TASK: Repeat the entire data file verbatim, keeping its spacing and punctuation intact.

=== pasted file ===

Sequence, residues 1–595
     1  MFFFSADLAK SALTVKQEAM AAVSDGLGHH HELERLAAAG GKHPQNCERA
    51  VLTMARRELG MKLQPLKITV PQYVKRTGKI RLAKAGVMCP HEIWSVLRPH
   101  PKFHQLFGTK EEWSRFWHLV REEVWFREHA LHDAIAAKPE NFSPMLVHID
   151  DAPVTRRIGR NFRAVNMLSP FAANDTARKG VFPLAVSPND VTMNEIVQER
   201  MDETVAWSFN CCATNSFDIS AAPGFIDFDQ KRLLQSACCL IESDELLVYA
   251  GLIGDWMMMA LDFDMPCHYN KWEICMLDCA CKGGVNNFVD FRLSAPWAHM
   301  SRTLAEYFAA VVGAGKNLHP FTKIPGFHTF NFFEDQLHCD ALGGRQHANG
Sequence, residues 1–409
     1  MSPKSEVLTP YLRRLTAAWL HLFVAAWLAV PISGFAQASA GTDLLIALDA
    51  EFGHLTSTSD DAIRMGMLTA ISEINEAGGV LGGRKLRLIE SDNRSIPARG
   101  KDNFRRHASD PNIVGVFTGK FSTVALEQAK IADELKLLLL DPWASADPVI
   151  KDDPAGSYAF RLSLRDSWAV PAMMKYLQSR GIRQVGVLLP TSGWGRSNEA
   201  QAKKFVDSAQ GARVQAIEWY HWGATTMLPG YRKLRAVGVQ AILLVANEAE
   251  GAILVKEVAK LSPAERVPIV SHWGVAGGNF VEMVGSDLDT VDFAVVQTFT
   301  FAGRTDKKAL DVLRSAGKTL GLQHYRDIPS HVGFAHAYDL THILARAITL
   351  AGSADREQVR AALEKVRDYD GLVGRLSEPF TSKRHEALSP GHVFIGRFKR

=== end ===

Sequence, residues 1–595
     1  MFFFSADLAK SALTVKQEAM AAVSDGLGHH HELERLAAAG GKHPQNCERA
    51  VLTMARRELG MKLQPLKITV PQYVKRTGKI RLAKAGVMCP HEIWSVLRPH
   101  PKFHQLFGTK EEWSRFWHLV REEVWFREHA LHDAIAAKPE NFSPMLVHID
   151  DAPVTRRIGR NFRAVNMLSP FAANDTARKG VFPLAVSPND VTMNEIVQER
   201  MDETVAWSFN CCATNSFDIS AAPGFIDFDQ KRLLQSACCL IESDELLVYA
   251  GLIGDWMMMA LDFDMPCHYN KWEICMLDCA CKGGVNNFVD FRLSAPWAHM
   301  SRTLAEYFAA VVGAGKNLHP FTKIPGFHTF NFFEDQLHCD ALGGRQHANG
Sequence, residues 1–409
     1  MSPKSEVLTP YLRRLTAAWL HLFVAAWLAV PISGFAQASA GTDLLIALDA
    51  EFGHLTSTSD DAIRMGMLTA ISEINEAGGV LGGRKLRLIE SDNRSIPARG
   101  KDNFRRHASD PNIVGVFTGK FSTVALEQAK IADELKLLLL DPWASADPVI
   151  KDDPAGSYAF RLSLRDSWAV PAMMKYLQSR GIRQVGVLLP TSGWGRSNEA
   201  QAKKFVDSAQ GARVQAIEWY HWGATTMLPG YRKLRAVGVQ AILLVANEAE
   251  GAILVKEVAK LSPAERVPIV SHWGVAGGNF VEMVGSDLDT VDFAVVQTFT
   301  FAGRTDKKAL DVLRSAGKTL GLQHYRDIPS HVGFAHAYDL THILARAITL
   351  AGSADREQVR AALEKVRDYD GLVGRLSEPF TSKRHEALSP GHVFIGRFKR